So addressing the biodiversity crisis remains a priority issue for me, but also for the wider UK government. The UK played a leading role shaping the Kunming-Montreal Global Biodiversity Framework, adopted in December. We wanted a ‘Paris moment’ for nature, and it is. The agreement contains an ambitious package of global goals and targets, and a central mission to halt and reverse biodiversity loss by 2030, to put the natural world on a path to recovery by the end of this decade.

We have consistently fought for better international regulations to protect the ocean, and we will continue to do so. And to support the protection of fragile marine ecosystems, we will seek to join the Central Arctic Ocean Fisheries Agreement as soon as we possibly can.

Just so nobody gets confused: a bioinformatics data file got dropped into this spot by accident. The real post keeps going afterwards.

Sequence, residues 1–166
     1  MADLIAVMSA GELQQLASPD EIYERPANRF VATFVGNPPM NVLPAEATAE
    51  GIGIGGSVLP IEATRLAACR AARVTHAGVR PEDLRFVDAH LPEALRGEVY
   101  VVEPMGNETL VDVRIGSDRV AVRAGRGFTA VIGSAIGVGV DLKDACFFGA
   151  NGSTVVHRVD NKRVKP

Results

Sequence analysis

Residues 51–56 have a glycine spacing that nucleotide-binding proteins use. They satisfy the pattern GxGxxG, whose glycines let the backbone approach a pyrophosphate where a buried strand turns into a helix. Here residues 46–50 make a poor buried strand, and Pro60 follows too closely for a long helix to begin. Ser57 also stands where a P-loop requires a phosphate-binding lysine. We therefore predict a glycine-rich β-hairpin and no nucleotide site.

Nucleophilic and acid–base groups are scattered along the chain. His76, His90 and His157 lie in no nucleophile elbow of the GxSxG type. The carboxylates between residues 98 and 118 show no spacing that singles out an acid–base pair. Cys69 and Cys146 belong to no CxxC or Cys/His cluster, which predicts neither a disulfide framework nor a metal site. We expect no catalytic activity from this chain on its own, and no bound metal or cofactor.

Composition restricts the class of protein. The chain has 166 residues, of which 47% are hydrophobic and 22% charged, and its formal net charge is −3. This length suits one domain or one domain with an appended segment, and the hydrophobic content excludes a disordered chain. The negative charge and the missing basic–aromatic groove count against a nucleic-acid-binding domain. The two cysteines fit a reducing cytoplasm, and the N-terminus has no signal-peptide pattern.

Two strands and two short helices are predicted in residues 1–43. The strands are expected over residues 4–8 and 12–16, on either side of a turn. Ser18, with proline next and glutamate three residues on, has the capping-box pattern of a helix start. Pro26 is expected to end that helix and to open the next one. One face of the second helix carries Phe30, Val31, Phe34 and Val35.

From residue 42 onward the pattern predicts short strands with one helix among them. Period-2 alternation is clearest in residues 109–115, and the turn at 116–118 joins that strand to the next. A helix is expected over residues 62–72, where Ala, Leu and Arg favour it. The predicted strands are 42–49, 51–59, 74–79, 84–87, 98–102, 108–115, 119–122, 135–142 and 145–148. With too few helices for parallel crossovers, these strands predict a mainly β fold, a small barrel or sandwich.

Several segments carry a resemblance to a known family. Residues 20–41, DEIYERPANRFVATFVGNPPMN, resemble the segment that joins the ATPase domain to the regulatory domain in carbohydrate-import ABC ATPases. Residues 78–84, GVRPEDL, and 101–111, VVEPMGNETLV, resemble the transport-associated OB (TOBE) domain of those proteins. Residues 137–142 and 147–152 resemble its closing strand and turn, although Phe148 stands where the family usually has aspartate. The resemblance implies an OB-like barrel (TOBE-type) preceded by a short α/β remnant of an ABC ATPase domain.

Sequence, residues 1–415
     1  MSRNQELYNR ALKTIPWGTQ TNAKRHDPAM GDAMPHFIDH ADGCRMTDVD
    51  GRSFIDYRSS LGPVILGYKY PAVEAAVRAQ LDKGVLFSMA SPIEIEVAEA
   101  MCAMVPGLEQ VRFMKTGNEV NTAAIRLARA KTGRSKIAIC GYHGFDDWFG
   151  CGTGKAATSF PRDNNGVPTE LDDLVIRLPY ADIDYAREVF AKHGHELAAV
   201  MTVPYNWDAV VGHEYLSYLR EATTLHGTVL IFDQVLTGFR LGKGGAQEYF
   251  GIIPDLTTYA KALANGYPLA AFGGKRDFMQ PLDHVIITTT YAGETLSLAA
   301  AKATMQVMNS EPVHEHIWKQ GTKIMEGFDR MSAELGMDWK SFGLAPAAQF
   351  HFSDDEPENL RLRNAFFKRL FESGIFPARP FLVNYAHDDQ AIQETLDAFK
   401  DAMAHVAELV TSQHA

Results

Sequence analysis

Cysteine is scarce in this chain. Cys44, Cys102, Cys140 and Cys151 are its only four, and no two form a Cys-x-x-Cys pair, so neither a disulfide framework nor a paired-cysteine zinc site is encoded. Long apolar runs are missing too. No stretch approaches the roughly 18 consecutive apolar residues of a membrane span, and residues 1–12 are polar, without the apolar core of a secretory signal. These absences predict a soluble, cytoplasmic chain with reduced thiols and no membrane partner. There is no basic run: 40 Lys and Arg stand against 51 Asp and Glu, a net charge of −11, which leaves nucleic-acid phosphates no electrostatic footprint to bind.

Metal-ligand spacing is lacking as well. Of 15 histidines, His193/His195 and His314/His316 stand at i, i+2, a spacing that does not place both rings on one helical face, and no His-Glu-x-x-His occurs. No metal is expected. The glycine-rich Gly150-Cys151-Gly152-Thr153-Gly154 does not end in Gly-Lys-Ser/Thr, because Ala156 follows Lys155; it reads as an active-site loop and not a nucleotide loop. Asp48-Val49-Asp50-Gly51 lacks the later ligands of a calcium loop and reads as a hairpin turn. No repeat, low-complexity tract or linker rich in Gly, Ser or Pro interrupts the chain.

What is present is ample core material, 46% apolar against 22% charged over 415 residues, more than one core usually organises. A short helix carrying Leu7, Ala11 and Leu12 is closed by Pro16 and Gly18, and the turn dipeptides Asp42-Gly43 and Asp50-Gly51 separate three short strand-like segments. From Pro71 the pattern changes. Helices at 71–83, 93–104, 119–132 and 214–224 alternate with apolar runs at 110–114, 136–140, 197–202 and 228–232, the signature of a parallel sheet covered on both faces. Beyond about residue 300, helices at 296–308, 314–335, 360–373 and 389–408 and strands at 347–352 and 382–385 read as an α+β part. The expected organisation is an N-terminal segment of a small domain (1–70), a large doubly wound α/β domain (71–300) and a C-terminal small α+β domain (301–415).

People and prosperity. Of course, fishing is extremely important to the Arctic economy, and a reminder that the region is, first and foremost, a home to nearly 4 million people. It is a region of vibrant and diverse communities, cultures, languages and traditions.

The UK government recognises the diversity of Arctic Indigenous communities, and respects their rights, their views, their interests, their culture and their traditions. We have invested £7.6 million in a multi-partner research programme to address the impact of environmental change in Inuit Nunangat – their traditional homelands in Canada, putting Indigenous communities at the heart of Arctic science.

Of course changes in the Arctic do also open up new commercial avenues. And the people of the Arctic should benefit from those opportunities.